Skid | Performing Arts Review | Chicago Reader
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SKID, Dolphinback Theatre Company, at Live Bait Theater. Playwright Laura Albrecht introduces us to a very articulate serial killer in her merciless monologue. Billed as "post-modern Gothic," it offers "John" a forum for whatever thoughts creep into his homicidal head: that what made Marilyn Monroe ("a wet dream breathed into life") irresistible was her fragility; how America "admires survivors but loves victims"; and how Jack the Ripper and Ted Bundy were "divinely driven" artists whose "rage would explode into beauty."

Denying that his crimes can be explained by nurture or nature, John describes how he killed several supposedly disposable women in order to expose their "lies" and create a "mask" for himself, deceiving an easily duped world. Both taunting and haunted, this rapist-murderer shares the details of a snuff film he saw and the executions he's committed, combining poetic passages about his victims' hair with excruciating descriptions of their deaths. Citing chaos theory, he pretends that he carries physical anarchy in his pocket to unleash against those who resist him.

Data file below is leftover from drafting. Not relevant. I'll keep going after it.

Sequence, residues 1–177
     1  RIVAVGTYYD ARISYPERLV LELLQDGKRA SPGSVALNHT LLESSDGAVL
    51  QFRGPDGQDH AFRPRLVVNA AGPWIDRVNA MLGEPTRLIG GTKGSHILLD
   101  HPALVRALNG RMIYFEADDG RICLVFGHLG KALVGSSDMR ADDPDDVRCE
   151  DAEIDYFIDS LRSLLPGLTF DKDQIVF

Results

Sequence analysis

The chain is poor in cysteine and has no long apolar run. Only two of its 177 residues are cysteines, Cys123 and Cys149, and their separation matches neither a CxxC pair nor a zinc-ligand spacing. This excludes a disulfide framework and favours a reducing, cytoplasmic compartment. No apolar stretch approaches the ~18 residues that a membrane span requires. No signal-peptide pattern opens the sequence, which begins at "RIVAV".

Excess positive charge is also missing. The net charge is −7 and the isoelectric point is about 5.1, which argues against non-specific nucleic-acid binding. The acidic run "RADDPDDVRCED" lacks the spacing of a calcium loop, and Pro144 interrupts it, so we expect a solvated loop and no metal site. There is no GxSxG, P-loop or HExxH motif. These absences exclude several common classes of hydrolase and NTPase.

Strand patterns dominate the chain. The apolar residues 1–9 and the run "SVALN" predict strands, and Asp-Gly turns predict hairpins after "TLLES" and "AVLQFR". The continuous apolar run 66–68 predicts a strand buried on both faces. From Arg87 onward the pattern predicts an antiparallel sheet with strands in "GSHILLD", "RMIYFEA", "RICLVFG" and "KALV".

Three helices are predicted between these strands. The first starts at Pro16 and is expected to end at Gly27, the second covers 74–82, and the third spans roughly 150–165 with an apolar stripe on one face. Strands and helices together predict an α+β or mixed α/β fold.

Eighty minutes of gag-reflex confessions, Skid is alternately engrossing, predictable, and repellent (the title refers to the traffic fatalities John imagines he can trigger). As directed by New Yorker Kevin Hale, John Pieza delivers his lines with an ebullience and ingratiating charm that make them all the more macabre. We like to explain serial killers away, so it's hard to take when one explains himself without extenuation or excuses and remains a mystery.

--Lawrence Bommer

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